Gay and lesbian couples began marrying on Wednesday in Finland as a law approved by lawmakers in 2014 finally took effect.

Kuopio MP Markku Rossi was among the first to take advantage of the new law. He and artist Matti Kaarlejärvi converted their 2015 civil partnership into a marriage, according to Ilta-Sanomat.

“As society has now finally made the decision, we want to be an example to others,” said Kaarlejärvi.

More than 100,000 people signed a petition demanding that lawmakers repeal the law. Finland's Parliament last month rejected the activists' calls with a 120-48 vote.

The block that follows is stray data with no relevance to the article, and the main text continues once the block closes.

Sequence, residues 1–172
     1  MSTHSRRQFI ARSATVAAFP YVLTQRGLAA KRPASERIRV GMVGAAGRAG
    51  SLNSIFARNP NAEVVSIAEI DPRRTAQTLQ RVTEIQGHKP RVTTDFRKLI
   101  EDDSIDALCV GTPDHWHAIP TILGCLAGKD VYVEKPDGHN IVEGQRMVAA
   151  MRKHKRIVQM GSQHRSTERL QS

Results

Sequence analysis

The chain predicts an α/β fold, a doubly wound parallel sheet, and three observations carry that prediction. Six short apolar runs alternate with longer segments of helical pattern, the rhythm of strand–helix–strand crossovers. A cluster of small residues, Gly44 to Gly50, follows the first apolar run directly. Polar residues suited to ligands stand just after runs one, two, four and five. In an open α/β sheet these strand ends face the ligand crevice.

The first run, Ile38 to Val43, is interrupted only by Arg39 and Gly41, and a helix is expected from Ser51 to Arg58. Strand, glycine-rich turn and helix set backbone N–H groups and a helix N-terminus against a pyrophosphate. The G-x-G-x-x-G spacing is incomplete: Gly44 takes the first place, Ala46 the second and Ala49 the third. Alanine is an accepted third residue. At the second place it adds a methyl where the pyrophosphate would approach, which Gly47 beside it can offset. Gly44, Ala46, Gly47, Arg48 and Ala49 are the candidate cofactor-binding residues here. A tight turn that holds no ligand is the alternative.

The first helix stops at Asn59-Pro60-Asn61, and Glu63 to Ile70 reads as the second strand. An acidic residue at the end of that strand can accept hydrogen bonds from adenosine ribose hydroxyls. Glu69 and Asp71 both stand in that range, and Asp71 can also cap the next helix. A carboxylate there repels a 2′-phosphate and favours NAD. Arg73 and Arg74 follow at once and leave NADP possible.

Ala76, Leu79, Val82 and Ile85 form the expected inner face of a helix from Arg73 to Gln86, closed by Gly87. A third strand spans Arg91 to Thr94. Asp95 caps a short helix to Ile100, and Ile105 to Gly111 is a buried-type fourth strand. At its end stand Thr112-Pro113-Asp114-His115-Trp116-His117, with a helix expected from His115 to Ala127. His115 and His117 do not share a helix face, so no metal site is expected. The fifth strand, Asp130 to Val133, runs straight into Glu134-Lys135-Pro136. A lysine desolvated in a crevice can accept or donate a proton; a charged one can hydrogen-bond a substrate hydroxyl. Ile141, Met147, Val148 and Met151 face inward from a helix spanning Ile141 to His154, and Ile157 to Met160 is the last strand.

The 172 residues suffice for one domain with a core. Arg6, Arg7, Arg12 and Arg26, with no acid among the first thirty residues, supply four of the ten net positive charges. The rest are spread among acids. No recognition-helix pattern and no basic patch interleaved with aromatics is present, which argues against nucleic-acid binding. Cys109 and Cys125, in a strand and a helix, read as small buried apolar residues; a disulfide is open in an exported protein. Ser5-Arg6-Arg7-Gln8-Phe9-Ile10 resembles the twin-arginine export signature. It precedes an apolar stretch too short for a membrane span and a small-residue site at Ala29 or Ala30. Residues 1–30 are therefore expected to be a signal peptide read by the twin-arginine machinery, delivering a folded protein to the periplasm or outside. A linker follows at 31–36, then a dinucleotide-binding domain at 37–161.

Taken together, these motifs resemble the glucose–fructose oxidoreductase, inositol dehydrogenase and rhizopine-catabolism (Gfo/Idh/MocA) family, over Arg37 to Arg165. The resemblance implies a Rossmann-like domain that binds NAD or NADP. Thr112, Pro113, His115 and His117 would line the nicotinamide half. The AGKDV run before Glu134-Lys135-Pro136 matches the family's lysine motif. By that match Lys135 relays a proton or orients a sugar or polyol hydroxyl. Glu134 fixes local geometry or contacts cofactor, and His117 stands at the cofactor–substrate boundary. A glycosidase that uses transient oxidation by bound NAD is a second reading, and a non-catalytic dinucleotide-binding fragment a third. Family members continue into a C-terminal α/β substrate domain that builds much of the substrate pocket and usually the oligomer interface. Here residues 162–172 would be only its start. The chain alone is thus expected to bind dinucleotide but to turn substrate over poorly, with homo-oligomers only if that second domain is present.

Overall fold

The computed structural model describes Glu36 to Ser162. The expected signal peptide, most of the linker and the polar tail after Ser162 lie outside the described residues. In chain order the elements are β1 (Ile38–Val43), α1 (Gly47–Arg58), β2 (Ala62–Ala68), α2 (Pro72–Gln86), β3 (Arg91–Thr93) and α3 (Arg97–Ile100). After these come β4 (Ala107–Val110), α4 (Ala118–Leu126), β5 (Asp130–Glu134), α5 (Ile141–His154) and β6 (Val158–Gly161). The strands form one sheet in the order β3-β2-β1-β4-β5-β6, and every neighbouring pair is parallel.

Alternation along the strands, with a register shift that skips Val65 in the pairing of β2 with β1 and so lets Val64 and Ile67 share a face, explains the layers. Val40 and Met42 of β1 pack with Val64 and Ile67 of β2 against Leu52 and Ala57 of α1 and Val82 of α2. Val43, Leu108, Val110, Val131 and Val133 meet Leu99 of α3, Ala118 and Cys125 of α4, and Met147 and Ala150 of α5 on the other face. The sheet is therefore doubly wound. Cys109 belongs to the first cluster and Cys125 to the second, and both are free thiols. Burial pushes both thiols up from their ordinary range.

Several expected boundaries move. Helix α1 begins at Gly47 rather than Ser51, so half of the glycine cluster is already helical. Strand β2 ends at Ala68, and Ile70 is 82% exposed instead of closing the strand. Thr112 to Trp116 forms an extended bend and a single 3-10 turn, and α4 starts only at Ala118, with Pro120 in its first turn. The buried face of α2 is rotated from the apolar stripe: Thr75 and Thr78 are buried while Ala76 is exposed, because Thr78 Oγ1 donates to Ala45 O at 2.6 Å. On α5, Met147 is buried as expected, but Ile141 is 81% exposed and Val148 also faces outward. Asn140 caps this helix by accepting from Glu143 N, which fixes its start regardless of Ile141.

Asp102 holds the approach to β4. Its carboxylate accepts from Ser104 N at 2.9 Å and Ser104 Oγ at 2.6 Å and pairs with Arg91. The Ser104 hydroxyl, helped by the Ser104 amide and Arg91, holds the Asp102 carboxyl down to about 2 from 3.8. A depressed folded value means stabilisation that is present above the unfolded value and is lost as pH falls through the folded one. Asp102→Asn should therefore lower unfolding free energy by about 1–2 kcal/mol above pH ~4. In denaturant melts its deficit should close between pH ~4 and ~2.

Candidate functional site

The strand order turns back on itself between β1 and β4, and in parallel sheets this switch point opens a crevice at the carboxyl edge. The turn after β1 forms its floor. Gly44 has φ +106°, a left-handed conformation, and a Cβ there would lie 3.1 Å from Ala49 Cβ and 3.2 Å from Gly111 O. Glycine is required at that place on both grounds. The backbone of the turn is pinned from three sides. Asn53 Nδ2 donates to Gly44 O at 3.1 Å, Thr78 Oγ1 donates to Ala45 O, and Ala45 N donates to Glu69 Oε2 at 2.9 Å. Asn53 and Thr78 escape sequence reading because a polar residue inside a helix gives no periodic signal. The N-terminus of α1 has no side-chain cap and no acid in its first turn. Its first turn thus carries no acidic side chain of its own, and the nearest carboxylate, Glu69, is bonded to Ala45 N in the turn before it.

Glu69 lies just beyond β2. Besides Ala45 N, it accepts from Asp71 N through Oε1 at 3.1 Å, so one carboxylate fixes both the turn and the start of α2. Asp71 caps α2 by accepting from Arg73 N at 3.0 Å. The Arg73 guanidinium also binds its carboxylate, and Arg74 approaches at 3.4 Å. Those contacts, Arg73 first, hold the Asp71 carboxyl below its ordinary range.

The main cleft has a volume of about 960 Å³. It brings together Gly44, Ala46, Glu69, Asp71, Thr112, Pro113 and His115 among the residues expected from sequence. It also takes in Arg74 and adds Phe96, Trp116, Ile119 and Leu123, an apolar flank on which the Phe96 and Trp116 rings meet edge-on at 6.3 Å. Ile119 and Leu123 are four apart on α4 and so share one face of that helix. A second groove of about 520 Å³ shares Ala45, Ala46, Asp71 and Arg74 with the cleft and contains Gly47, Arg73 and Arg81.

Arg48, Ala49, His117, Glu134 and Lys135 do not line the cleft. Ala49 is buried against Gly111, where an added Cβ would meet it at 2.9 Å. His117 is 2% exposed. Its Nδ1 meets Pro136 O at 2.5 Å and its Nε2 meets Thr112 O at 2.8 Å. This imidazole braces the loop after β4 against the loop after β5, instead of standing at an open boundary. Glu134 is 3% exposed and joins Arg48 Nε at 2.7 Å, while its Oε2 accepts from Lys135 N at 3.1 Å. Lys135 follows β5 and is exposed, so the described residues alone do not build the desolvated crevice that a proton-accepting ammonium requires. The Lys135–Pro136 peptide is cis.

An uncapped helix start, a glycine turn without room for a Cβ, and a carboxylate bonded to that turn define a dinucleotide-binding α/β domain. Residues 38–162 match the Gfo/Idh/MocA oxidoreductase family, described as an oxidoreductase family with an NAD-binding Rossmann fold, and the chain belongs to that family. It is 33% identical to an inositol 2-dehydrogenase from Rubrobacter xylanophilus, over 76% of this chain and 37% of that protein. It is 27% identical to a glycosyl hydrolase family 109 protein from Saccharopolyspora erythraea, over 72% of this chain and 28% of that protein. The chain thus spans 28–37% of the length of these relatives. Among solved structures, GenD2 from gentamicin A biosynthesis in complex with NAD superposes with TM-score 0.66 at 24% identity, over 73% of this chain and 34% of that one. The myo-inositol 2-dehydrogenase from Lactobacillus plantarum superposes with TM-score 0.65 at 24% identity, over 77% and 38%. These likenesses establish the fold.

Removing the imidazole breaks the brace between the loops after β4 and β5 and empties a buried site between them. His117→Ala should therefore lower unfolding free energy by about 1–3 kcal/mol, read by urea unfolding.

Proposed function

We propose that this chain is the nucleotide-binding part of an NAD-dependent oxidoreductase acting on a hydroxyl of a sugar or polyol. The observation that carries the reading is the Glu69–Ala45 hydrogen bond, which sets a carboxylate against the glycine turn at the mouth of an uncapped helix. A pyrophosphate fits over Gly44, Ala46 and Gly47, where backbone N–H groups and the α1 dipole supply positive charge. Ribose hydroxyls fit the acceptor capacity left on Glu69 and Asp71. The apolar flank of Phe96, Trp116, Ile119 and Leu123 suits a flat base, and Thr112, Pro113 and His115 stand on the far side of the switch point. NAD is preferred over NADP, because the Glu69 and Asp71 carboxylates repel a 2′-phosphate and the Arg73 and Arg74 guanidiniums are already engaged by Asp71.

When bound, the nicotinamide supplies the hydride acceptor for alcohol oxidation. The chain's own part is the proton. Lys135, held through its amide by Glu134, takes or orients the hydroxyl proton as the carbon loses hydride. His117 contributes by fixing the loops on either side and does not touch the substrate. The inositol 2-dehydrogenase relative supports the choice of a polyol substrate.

All of Finland's Nordic neighbors have extended marriage rights to same-sex couples.

European nations with equal marriage rights include Sweden, Denmark, Norway, the Netherlands, Belgium, Luxembourg, France, England, Scotland, Wales, Ireland, Iceland, Spain, Portugal and Gibraltar. A same-sex marriage law that does not include adoption rights took effect last week in Slovenia.